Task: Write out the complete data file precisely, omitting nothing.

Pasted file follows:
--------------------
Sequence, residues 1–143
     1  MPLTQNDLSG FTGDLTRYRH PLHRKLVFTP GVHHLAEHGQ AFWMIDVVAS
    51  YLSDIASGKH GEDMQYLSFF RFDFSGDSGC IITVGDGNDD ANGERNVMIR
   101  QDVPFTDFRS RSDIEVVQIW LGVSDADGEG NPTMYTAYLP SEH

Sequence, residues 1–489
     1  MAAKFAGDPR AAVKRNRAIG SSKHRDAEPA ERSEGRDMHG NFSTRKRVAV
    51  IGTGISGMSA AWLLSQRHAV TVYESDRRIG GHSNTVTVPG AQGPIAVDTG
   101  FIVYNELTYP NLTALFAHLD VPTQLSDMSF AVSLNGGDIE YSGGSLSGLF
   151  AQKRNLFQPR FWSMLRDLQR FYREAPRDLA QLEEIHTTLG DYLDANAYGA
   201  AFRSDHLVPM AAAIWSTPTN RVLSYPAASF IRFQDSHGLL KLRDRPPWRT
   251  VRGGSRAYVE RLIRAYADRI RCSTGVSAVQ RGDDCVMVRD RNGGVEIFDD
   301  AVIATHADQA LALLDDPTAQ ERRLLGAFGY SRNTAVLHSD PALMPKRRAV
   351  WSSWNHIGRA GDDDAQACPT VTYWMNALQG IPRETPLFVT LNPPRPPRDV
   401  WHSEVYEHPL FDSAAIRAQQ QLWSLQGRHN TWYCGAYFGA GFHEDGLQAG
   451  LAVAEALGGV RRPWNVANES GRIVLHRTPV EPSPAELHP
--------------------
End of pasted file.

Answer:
Sequence, residues 1–143
     1  MPLTQNDLSG FTGDLTRYRH PLHRKLVFTP GVHHLAEHGQ AFWMIDVVAS
    51  YLSDIASGKH GEDMQYLSFF RFDFSGDSGC IITVGDGNDD ANGERNVMIR
   101  QDVPFTDFRS RSDIEVVQIW LGVSDADGEG NPTMYTAYLP SEH

Sequence, residues 1–489
     1  MAAKFAGDPR AAVKRNRAIG SSKHRDAEPA ERSEGRDMHG NFSTRKRVAV
    51  IGTGISGMSA AWLLSQRHAV TVYESDRRIG GHSNTVTVPG AQGPIAVDTG
   101  FIVYNELTYP NLTALFAHLD VPTQLSDMSF AVSLNGGDIE YSGGSLSGLF
   151  AQKRNLFQPR FWSMLRDLQR FYREAPRDLA QLEEIHTTLG DYLDANAYGA
   201  AFRSDHLVPM AAAIWSTPTN RVLSYPAASF IRFQDSHGLL KLRDRPPWRT
   251  VRGGSRAYVE RLIRAYADRI RCSTGVSAVQ RGDDCVMVRD RNGGVEIFDD
   301  AVIATHADQA LALLDDPTAQ ERRLLGAFGY SRNTAVLHSD PALMPKRRAV
   351  WSSWNHIGRA GDDDAQACPT VTYWMNALQG IPRETPLFVT LNPPRPPRDV
   401  WHSEVYEHPL FDSAAIRAQQ QLWSLQGRHN TWYCGAYFGA GFHEDGLQAG
   451  LAVAEALGGV RRPWNVANES GRIVLHRTPV EPSPAELHP